Los Angeles Mission College
13356 Eldridge Avenue • Sylmar, CA 91342 • 818.364.7600

NEWS RELEASE                                        

November 22, 2004

Class Takes Students to ‘Crime Scene’

By Eduardo Pardo

SYLMAR – The students approach the bodies deliberately. Every few steps, they scan the crime scene visually for clues, careful not to trample any evidence. After all, they’ve been told that what their cameras record could lead detectives to the murderer.

The students treat this "investigation" with all the seriousness of the real thing…even though it’s actually a lab assignment in Mission College’s Forensic Photography 250 class.

Harlan Goldberg and adjunct instructor Lloyd Mahanay, senior criminalist with the Los Angeles County Coroner’s Office, teach the course jointly. Goldberg teaches elements of photography to the students, while Mahanay focuses on the specifics of crime scene photography. After eight weeks of classroom techniques, the students are ready to venture out to Veterans Park, where a double homicide scene awaits them.


Student Kelly Moes photographs “victim” at mock crime scene as instructor Lloyd Mahanay looks on.

"The situation we have here is a boyfriend and girlfriend who came out to the park to be alone," explained Mahanay as he prepared the scene. "They were assaulted by a stranger or strangers, and both were killed. A man walking his dog this morning saw the bodies and called police."

As he talks, Mahanay twists and contorts the limbs of the two flexible dummies (specially made for crime scene training) that represent the "victims" in this scenario. The figures are placed about 15 feet apart under a tree: the "man," his arms and legs tied behind his back, dumped in a ditch; the "woman," showing signs of sexual assault, left "dead" under some bushes.

The mock set-up mirrors actual crime scenes that Mahanay said he has seen "three or four times" during his 25 years with the Coroner’s Office.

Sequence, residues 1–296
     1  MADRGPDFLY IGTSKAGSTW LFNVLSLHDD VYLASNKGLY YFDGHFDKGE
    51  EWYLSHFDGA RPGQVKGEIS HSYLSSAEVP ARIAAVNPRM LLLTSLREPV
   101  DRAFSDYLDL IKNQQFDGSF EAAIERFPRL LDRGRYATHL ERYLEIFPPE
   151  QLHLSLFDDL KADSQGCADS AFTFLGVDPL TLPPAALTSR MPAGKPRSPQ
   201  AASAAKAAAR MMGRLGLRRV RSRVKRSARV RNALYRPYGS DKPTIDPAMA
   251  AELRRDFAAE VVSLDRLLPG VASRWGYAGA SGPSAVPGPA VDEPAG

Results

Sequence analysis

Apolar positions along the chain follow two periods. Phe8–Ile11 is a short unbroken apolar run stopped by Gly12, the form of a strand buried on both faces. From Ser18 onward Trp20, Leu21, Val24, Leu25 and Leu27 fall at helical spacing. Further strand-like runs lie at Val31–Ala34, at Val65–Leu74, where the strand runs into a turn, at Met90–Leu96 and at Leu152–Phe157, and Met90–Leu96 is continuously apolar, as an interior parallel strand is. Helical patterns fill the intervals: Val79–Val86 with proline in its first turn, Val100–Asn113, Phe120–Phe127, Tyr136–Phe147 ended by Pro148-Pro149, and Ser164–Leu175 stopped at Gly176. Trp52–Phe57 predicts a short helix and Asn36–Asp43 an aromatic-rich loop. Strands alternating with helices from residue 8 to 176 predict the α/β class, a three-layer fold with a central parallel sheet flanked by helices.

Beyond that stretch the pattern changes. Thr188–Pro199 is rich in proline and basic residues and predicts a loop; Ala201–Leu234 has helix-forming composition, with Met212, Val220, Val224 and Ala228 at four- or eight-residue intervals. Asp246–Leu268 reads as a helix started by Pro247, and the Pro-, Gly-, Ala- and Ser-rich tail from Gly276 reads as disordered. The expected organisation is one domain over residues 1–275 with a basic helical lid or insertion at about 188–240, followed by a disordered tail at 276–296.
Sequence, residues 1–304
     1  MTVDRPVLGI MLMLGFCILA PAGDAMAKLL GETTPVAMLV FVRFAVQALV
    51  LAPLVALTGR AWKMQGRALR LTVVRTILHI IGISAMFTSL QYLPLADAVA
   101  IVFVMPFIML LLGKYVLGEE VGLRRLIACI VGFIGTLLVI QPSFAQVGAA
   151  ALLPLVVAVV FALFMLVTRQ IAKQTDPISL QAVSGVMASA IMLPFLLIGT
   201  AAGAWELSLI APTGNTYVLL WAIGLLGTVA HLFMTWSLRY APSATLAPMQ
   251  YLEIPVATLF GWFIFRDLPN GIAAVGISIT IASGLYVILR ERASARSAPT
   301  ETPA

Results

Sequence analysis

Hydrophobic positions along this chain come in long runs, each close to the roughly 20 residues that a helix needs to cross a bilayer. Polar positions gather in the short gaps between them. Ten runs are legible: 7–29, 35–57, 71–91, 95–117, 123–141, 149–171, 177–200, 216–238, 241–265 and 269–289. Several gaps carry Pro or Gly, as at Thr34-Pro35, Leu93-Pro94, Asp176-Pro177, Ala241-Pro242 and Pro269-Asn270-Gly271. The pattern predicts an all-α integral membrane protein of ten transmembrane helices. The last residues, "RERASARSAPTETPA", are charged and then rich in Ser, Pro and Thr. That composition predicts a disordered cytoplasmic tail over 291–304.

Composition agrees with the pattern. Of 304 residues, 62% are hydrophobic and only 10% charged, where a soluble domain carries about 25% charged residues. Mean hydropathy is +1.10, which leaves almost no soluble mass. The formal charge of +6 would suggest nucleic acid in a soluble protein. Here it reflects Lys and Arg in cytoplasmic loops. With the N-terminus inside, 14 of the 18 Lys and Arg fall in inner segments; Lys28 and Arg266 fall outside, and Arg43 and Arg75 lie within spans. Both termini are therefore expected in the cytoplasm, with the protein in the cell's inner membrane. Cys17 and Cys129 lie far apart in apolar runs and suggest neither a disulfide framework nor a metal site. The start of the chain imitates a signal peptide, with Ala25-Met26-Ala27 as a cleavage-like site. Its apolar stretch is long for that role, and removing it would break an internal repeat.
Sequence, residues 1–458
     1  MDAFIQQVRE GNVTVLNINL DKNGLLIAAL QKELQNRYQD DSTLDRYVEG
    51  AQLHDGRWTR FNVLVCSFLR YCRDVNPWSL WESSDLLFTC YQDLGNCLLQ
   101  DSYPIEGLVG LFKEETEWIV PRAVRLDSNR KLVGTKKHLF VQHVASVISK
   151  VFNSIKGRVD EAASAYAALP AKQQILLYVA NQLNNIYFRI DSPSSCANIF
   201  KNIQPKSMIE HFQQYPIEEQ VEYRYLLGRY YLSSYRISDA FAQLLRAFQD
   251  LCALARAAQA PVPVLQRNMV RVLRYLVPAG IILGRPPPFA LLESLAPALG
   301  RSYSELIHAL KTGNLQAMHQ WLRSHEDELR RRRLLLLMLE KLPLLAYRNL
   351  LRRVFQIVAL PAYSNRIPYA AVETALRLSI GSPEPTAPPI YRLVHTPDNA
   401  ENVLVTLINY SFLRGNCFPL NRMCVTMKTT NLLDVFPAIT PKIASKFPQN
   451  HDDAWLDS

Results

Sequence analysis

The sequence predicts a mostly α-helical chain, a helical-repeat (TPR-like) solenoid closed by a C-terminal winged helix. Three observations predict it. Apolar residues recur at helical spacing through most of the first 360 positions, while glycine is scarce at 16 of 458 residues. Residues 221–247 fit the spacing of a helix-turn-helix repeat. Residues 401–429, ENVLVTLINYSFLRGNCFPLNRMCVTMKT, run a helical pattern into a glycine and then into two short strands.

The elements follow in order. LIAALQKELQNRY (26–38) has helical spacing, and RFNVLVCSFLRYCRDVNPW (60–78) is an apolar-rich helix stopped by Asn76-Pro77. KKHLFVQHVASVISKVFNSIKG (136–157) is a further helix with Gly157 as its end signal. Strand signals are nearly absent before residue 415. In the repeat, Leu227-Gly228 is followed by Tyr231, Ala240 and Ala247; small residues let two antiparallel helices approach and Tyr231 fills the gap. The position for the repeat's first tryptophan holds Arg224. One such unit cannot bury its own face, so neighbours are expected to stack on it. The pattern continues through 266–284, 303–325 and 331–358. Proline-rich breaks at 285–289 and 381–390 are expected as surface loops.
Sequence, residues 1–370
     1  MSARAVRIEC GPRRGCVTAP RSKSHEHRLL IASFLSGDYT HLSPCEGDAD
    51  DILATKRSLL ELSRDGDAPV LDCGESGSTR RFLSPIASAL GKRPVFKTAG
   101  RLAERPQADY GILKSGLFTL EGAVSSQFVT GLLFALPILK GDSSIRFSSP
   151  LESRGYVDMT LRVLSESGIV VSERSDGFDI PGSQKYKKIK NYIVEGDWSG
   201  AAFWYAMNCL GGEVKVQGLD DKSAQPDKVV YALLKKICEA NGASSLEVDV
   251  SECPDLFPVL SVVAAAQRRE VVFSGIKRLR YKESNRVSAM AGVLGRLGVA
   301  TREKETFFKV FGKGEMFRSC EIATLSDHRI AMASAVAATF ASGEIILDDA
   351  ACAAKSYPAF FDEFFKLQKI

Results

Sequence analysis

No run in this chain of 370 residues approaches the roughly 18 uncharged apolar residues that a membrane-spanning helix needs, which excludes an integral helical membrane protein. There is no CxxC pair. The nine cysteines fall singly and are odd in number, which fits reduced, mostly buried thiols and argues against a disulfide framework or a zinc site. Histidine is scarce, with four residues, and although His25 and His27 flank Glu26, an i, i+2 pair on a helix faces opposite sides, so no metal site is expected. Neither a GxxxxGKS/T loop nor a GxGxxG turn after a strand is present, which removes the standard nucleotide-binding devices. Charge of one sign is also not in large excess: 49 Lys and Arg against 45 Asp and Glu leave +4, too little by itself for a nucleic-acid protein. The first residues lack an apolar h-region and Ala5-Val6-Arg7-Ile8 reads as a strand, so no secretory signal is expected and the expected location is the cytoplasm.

While the victims are easily spotted, Mahanay also places evidence, including a water bottle and cigarette butt, at the scene for students to discover and photograph. In groups of four, the students approach the scene, take several photos of the bodies from different angles, and soon discover the water bottle and cigarette butt.

"Okay, guys, I think we need to mark these," said student Kelly Moes, pulling out a 6-inch ruler that is placed alongside evidence to provide perspective in the photos.

Moes said she is a chemistry major but wants to apply knowledge in that field to a career in forensic science. Another student, Bruno Dueker, is undecided about a major but took the class because forensic science interests him. Yet another student, Adolfo Muller, is more typical of the class enrollment, which consists mostly of Administration of Justice majors. He hopes to become a forensic pathologist.

Mahanay believes the class is a good starting point for students interested in all aspects of forensic science.

"A forensic photographer is one of the most important investigators at a crime scene," he said. "They’re the photographer, but also a detective and a criminalist. Their job is to look at everything."

Looking at the students’ photos will help Mahanay determine if they’ve really understood the methods stressed in the classroom, he said. And even though the victims in this case are just plastic dummies in a simulated killing field, the experience challenges the students to ask themselves if murder scenes are where they want to spend a career.